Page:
If you follow me on Twitter, you already know.
If you don’t, you should.
But none of that matters right now… We got engaged!
We’ve been talking about getting married for nearly a year now, perching on forever only a couple moments into our relationship, but when I slipped the ring on my finger, it all felt different.
Yes, I’d looked at six venues after O told me to “book a date.” Yes, I had been working on our wedding budget, tirelessly moving money around to make everything work right. Yes, I had booked our band, our friends the Rolling Head Orchestra.
But when I looked at that ring on my finger, it all seemed real. Realer. I looked at O as my near-husband, rather than the boyfriend I’m going to marry.
Around Thursday of last week, he started mentioning casually, yet often, how we ought to take Magnolia on walks together more often, that it’s good for her. I agreed, naturally, but he pressed the issue. He set a date to walk the dog, which I found a bit odd, but figured he simply felt guilty for not seeing her as much as he’d like.
On Saturday, I woke up raring to go, slipping on ugly, yet comfy sneaks for last-minute shopping, wrapping, cooking, and baking. I was quickly told to sit back down, that today’s “special”, and I’ll “see later”, and to “trust him for once in my life”.
I’d had my suspicions, as I had accidentally intercepted a text from my mom, when I picked up his phone, loudly announcing I was going to text her on his phone. The last thing he’d sent was something about thinking the 22nd was a good day, that it was before Christmas but still during holiday parties. My mom agreed, urging him to just “get it over with” so he could “finally relax”, complete with myriad smiley faces and exclamation points.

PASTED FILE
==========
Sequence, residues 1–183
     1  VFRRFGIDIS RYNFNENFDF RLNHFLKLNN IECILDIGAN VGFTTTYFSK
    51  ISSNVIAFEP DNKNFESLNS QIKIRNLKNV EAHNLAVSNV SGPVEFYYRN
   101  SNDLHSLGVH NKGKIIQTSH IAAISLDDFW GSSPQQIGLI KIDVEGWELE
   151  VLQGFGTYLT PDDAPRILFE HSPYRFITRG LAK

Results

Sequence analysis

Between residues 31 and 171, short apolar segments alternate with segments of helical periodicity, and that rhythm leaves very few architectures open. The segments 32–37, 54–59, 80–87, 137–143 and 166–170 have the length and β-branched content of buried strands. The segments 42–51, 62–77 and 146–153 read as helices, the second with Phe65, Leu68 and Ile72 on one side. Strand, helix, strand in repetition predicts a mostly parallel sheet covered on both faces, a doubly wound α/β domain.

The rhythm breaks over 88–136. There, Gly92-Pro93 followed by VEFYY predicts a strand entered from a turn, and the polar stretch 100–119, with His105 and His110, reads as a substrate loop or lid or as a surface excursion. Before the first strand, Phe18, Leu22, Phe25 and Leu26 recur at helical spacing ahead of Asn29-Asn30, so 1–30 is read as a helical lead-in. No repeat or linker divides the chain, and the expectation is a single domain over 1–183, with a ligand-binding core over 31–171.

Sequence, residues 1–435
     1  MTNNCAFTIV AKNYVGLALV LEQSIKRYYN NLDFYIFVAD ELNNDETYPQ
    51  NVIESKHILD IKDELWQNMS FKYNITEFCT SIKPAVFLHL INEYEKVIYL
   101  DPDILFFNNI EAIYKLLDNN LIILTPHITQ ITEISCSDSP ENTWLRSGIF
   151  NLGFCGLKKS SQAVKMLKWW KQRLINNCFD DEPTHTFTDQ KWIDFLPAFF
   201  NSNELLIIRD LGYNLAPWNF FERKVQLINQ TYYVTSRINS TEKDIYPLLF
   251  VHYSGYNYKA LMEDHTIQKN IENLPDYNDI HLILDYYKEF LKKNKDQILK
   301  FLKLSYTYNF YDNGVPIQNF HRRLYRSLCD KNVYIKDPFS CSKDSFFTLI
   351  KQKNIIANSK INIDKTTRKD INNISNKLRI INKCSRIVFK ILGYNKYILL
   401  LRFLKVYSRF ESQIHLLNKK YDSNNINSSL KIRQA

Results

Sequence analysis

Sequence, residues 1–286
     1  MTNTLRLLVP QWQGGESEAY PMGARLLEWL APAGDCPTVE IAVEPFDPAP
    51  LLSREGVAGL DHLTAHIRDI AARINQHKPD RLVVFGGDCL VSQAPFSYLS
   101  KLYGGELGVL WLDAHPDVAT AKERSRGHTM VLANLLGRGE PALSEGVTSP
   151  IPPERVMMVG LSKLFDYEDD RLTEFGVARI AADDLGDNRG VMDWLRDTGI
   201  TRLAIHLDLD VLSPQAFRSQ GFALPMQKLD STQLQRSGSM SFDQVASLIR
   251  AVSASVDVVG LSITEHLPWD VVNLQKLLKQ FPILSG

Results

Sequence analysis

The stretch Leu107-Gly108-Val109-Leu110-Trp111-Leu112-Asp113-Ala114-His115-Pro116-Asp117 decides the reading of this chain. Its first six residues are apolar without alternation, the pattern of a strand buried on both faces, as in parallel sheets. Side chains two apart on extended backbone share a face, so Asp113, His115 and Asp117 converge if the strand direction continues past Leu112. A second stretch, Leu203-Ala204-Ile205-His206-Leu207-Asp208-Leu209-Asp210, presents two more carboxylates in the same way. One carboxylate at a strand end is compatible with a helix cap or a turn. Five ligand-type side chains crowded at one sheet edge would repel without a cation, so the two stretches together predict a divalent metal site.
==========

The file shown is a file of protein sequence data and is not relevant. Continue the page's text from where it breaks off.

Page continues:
A few weeks before, around Thanksgiving, he’d told me he was going to buy a ring, but as the prospective day approached, he began to change his mind a bit, though he still had to “do something with your mom” on Black Friday. I’d picked out a ring that I loved, and I knew he was still going to go make the big purchase.
Yet the day of, I told him to “have fun buying the ring” or something, and he seemed upset at my knowing! So he called a couple hours later, telling me that with all the fees and services added on, the ring was too expensive. And we’d keep looking.
I was disappointed, yet figured something was up. I felt he’d been a bit disappointed in realizing I was in on the plot, though he’d asked me to pick the exact ring.
A few drinks after the Grizzlies game that night, he unwittingly ended a sentence with “…after all the money I spent today!” I took note; he never caught his slip.
But when I happened upon that text from my mom, it kickstarted an unparalleled excitement, with its own daily countdown. Everyday got closer to “the day”, though I had my doubts, assuming he might change his mind yet again.
Around last Thursday, he began mentioning how important it is to take Magnolia on walks together and suggested we plan one for Saturday afternoon. I thought nothing of it but kept my eyes on the approaching Saturday, a day I was sure would change my life.